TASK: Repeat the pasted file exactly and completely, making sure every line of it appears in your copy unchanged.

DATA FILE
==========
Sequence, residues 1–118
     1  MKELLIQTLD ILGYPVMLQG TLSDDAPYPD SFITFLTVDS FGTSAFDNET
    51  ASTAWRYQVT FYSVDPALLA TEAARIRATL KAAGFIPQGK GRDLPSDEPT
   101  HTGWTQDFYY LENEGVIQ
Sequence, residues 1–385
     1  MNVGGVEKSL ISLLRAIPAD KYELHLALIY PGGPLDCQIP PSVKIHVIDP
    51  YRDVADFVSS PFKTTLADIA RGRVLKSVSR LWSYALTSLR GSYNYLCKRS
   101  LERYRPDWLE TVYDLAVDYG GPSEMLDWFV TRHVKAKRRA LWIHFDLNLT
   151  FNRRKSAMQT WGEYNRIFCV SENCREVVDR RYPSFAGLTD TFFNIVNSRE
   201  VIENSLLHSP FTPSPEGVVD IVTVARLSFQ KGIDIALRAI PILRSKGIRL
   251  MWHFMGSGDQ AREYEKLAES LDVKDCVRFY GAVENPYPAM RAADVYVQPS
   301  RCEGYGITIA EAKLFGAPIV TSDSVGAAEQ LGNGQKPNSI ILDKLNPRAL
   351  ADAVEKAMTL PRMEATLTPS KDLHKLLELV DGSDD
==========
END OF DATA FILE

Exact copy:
Sequence, residues 1–118
     1  MKELLIQTLD ILGYPVMLQG TLSDDAPYPD SFITFLTVDS FGTSAFDNET
    51  ASTAWRYQVT FYSVDPALLA TEAARIRATL KAAGFIPQGK GRDLPSDEPT
   101  HTGWTQDFYY LENEGVIQ
Sequence, residues 1–385
     1  MNVGGVEKSL ISLLRAIPAD KYELHLALIY PGGPLDCQIP PSVKIHVIDP
    51  YRDVADFVSS PFKTTLADIA RGRVLKSVSR LWSYALTSLR GSYNYLCKRS
   101  LERYRPDWLE TVYDLAVDYG GPSEMLDWFV TRHVKAKRRA LWIHFDLNLT
   151  FNRRKSAMQT WGEYNRIFCV SENCREVVDR RYPSFAGLTD TFFNIVNSRE
   201  VIENSLLHSP FTPSPEGVVD IVTVARLSFQ KGIDIALRAI PILRSKGIRL
   251  MWHFMGSGDQ AREYEKLAES LDVKDCVRFY GAVENPYPAM RAADVYVQPS
   301  RCEGYGITIA EAKLFGAPIV TSDSVGAAEQ LGNGQKPNSI ILDKLNPRAL
   351  ADAVEKAMTL PRMEATLTPS KDLHKLLELV DGSDD